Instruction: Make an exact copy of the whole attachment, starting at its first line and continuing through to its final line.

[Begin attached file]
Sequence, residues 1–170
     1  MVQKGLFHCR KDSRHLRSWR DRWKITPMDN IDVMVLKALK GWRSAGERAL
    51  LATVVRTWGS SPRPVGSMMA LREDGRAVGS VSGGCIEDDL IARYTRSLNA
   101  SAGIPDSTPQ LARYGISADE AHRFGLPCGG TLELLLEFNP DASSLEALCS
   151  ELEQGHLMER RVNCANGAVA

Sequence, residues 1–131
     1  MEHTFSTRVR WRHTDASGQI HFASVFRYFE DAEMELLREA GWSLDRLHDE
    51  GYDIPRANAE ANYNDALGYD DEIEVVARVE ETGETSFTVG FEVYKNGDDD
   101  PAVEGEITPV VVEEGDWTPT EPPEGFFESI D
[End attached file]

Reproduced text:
Sequence, residues 1–170
     1  MVQKGLFHCR KDSRHLRSWR DRWKITPMDN IDVMVLKALK GWRSAGERAL
    51  LATVVRTWGS SPRPVGSMMA LREDGRAVGS VSGGCIEDDL IARYTRSLNA
   101  SAGIPDSTPQ LARYGISADE AHRFGLPCGG TLELLLEFNP DASSLEALCS
   151  ELEQGHLMER RVNCANGAVA

Sequence, residues 1–131
     1  MEHTFSTRVR WRHTDASGQI HFASVFRYFE DAEMELLREA GWSLDRLHDE
    51  GYDIPRANAE ANYNDALGYD DEIEVVARVE ETGETSFTVG FEVYKNGDDD
   101  PAVEGEITPV VVEEGDWTPT EPPEGFFESI D